College football notebook: Maryland nears decision on move to Big Ten
Maryland's decision to stay in the ACC or join the Big Ten comes down to tradition versus money.
Given the plight of the school's struggling athletic program, the Terrapins' stature as a charter member of the ACC may not mean as much as the prospect of playing a home football game against, say, Ohio State, and being part of a league that generates more revenue.
The Board of Regents is scheduled to meet Monday to discuss joining the Big Ten. If Maryland approves the move and applies for admission, Rutgers is expected to follow suit and leave the Big East. That would leave the Big Ten with 14 schools.
An announcement on Maryland's final decision is expected this week, maybe as soon as Monday.
The addition of Maryland and Rutgers, located in New Brunswick, N.J., about 40 miles south of New York, would give the Big Ten an added presence in the East — along with Penn State — and add two huge television markets. Which explains in part why the Big Ten is courting Maryland and offering a fee to join, enough to at least partially offset the $50 million exit fee the ACC approved by vote in September after adding Notre Dame.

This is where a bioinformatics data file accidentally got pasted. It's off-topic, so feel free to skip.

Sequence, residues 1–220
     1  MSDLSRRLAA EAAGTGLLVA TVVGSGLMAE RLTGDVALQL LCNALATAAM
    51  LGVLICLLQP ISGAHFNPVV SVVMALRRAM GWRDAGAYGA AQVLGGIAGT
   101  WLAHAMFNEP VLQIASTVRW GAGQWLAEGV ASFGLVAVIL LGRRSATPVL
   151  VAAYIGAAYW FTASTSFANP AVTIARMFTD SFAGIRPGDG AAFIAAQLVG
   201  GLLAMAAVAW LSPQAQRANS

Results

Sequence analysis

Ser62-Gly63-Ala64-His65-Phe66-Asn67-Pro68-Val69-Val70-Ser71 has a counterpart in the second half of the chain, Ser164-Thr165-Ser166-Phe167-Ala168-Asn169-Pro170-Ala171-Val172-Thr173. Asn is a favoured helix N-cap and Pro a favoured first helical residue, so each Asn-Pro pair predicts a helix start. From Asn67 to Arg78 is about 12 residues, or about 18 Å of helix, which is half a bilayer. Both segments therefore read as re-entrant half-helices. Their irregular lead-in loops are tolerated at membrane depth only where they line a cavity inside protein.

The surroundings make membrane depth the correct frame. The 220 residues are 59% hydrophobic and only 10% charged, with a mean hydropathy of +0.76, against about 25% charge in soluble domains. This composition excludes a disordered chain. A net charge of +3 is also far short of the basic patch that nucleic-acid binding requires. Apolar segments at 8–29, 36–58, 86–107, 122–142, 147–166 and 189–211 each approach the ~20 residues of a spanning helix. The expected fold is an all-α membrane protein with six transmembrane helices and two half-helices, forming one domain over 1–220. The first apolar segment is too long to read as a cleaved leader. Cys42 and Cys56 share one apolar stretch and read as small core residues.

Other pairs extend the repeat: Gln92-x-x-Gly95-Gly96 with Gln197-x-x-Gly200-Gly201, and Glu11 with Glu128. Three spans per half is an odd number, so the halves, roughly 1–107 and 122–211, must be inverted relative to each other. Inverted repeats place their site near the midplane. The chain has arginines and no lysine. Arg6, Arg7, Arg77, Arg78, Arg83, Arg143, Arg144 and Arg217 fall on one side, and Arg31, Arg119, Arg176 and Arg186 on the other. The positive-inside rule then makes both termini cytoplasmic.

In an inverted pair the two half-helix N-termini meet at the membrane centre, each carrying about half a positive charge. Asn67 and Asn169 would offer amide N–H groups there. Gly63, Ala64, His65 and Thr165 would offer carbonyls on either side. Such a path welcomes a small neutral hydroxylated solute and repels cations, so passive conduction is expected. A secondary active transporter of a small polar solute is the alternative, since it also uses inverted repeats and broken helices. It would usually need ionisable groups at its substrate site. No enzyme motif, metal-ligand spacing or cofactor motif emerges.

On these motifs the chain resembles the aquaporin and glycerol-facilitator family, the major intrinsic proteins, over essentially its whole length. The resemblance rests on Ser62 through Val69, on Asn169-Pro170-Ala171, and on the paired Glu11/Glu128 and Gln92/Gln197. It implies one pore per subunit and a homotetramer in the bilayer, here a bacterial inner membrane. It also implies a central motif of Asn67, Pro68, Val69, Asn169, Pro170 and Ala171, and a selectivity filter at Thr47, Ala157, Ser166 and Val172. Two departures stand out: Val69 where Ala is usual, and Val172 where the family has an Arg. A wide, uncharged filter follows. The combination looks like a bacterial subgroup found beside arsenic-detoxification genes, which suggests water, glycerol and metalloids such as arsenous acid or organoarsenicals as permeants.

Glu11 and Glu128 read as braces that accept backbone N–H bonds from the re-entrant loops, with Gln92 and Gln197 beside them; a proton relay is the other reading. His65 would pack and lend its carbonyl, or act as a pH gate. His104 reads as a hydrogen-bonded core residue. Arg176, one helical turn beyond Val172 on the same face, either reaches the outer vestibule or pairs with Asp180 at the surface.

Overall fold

By leaving the ACC, Maryland would be breaking ties with many schools it has competed against since 1953.
Tennessee fires coach
Tennessee athletic director Dave Hart said Derek Dooley improved the Volunteers during the coach's three-year tenure — just not enough to keep the job.
Dooley, 44, was fired after posting a 15-21 record that lacked wins over ranked opponents and SEC foes. Dooley was 4-19 in SEC games and 0-15 against top-25 teams. Tennessee (4-7, 0-7 SEC) is 1-14 in conference play over the past two years.
Offensive coordinator Jim Chaney will coach the Vols' season finale.